PROMS BBC Philharmonic / Richard Hickox Royal Albert Hall, London / Radio 3

How typical of the renegade Aussie to crash the pommy party like he were the guest of honour. He even hijacked the encores, "dishing up" (his phrase) renditions of "The Londonderry Air" and "Mock Morris" (the latter in its most "elastic", meaning elaborate, scoring) while our ears were still humming from the resounding self-portrait of Edward Elgar that is the finale to the Enigma Variations. But then, Percy Grainger was never one to stand on ceremony. And besides, he was in truth a self-appointed pom, coming up and over from down under with tunes like "Country Gardens". Authentic English folk tunes -but by Grainger.

Saturday was his night. And for one good reason. None of the recent recordings of his "imaginary ballet" The Warriors could possibly have prepared us for its impact in the hall - this hall. Overblown, overscored and over here it may be, but there is nothing, really nothing, quite like it outside the imagination of Western music. So who and what are these warriors? Human kind at its basest? Our tribal instincts run amok? Is it just, to quote Grainger himself, "a united show of gay and innocent pride and animal spirits fierce and exultant"? Or is there a deeper resonance, a pacifist message, in the long, lonely, heckelphone solo that is the work's heart and soul? Such questions are best left unanswered, because the joy of Grainger is in the conflict and contradiction, the incongruity, the sheer bloody-mindedness of the inspiration. Jaunty Victoriana piles head-on here into rampant gamelans (eight players ranged over the gamut of "tuneful percussion") while three grand pianos keep their collective fingers on the pulse, beerily driving us forward all the way from the Old Kent Road to Polynesia and the Outback. At one point, the whole brassy conflation moves off-stage while lamenting strings try not to listen. But the dance goes on - the apotheosis of the dance (isn't this where Beethoven's Seventh left off?) - and the end, when it comes (replete with rowdy Albert Hall organ), is enough to make your eyes water. Richard Hickox and the intrepid BBC Philharmonic (and friends) gave it a rousing Proms welcome. Where else?

So, in an evening when even Britten's Young Person's Guide to the Orchestra sounded like the warm-up (and notwithstanding eloquent exhibitions from the oboe and cello department, this was not a performance that ever quite peaked), one could only sympathise with Jonathan Harvey, whose Percussion Concerto was receiving its world premiere. And yet it exhibited an odd kind of kinship with the Grainger. An altogether different set of rituals, but rituals none the less. Its charismatic dedicatee, Evelyn Glennie (looking exotic in gold-threaded mandarin coat and open-sided PVC leggings), moved gracefully, silently to the Mark Tree (a rack of tiny bells sounding like the sprinkling of fairy-dust) to set the first of them in motion. This is a "marimba-centric" kind of piece (says Harvey), and Glennie - as you can see and hear through the blur of flying mallets - is the Paganini of the instrument. Initially, her athletic game of tag with the orchestra proved absorbing. But only initially. Harvey's first movement is too long and too limited, too unvaried, in expression. It favours the hard-edged, woody attack of the instrument at the expense of its softer tones. It is fitful, explosive, "broken-biscuit" music, twitchy configurations of notes going nowhere. The slow movement doesn't come a moment too soon. When it does, you welcome the space, the prevalence of vibraphone and Balinese gamelan (which looks splendid but is again somewhat short-changed in the equation). There's a transitory, ephemeral quality to this music which sounds more like the music Harvey wants to write. At the end of the piece, Glennie brushes the Mark Tree (the tree of life?) once more, and a piccolo and then cellos imitate the effect. It's rather sweet. The beginning of an interesting idea. But then it's over.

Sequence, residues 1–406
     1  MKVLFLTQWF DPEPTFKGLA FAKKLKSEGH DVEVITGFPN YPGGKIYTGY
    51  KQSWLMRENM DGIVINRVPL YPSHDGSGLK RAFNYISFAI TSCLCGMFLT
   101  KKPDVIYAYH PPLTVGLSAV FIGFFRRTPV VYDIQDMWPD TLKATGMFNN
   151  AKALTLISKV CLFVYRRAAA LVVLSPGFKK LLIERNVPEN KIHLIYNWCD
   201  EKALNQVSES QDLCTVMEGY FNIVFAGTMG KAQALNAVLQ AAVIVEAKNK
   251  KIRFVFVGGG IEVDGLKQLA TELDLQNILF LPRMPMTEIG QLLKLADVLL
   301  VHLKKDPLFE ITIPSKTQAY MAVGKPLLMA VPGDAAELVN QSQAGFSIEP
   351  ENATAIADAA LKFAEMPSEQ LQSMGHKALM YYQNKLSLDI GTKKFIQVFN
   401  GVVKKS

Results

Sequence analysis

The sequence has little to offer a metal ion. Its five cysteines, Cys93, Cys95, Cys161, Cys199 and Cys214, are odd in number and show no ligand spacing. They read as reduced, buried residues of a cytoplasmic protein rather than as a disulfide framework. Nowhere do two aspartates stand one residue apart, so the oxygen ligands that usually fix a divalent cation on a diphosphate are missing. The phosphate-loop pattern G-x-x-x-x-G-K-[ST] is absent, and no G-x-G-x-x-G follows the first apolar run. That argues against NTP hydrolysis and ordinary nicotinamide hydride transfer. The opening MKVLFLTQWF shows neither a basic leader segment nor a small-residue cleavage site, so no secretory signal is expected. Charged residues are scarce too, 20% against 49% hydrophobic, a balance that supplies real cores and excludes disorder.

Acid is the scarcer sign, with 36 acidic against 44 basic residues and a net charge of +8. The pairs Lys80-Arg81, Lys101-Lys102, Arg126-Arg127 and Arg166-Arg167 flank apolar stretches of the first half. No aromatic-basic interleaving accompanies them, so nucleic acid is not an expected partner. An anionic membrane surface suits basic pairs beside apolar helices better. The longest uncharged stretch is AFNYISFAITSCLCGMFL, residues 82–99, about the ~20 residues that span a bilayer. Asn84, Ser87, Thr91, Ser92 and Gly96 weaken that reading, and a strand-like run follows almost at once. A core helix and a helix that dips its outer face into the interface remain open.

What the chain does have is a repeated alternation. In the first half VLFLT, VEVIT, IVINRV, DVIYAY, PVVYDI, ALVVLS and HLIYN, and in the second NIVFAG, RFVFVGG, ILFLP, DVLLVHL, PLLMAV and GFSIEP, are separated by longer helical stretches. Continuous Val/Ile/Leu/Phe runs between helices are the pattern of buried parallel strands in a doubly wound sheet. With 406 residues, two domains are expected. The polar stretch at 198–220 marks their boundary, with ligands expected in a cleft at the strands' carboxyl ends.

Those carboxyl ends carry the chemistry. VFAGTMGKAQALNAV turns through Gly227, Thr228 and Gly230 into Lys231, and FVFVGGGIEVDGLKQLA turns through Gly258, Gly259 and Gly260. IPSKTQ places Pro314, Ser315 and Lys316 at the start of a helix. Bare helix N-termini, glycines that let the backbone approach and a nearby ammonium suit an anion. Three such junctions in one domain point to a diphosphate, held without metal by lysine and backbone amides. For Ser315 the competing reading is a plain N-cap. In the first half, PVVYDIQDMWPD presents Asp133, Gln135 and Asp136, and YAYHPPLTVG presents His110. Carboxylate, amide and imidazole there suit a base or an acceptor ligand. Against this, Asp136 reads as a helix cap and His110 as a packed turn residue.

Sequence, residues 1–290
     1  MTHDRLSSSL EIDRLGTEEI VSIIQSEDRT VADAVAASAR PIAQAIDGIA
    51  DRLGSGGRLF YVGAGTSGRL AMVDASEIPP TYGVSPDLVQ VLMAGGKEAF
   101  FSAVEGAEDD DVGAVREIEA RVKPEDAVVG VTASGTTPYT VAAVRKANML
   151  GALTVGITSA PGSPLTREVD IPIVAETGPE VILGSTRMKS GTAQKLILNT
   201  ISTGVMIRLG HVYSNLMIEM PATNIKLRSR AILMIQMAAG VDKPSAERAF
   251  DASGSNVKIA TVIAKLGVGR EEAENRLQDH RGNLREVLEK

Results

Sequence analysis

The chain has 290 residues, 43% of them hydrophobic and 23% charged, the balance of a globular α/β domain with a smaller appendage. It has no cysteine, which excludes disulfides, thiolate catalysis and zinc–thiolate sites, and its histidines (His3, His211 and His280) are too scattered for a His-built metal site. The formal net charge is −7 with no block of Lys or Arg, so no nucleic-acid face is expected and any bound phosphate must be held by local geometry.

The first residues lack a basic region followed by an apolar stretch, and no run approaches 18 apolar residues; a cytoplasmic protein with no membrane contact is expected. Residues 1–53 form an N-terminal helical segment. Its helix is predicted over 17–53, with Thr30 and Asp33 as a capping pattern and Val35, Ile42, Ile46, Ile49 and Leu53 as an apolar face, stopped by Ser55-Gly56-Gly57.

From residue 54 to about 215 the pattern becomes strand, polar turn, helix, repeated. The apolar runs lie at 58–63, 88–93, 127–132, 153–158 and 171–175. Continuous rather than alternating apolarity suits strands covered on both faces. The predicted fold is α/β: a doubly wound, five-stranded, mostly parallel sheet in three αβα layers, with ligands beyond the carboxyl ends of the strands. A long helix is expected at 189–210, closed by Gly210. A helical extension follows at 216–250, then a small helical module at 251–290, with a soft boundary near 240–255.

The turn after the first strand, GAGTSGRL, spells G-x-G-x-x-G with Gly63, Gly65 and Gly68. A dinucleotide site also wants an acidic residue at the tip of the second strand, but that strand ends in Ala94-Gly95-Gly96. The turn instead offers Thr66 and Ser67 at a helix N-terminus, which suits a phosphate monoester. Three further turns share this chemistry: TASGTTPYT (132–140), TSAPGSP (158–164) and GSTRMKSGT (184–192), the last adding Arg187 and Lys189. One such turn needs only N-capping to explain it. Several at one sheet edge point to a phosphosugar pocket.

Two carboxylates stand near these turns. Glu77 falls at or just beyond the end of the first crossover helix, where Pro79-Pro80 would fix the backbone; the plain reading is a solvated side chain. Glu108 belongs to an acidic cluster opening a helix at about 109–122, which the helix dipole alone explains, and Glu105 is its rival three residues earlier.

And then it's Elgar. And any performance of the Enigma Variations that makes the transition into "Nimrod" so magical (that sustained G in the first violins little more than a vibration in the air) has my ear for the duration. Hickox and his players sketched vivid likenesses of Elgar's "friends pictured within". As for that mysterious, unattributed Romanza with its hazy clarinet recollections of Mendelssohn's Calm Sea and Prosperous Voyage (beautiful playing), that was strange - no, weird - enough to be Grainger.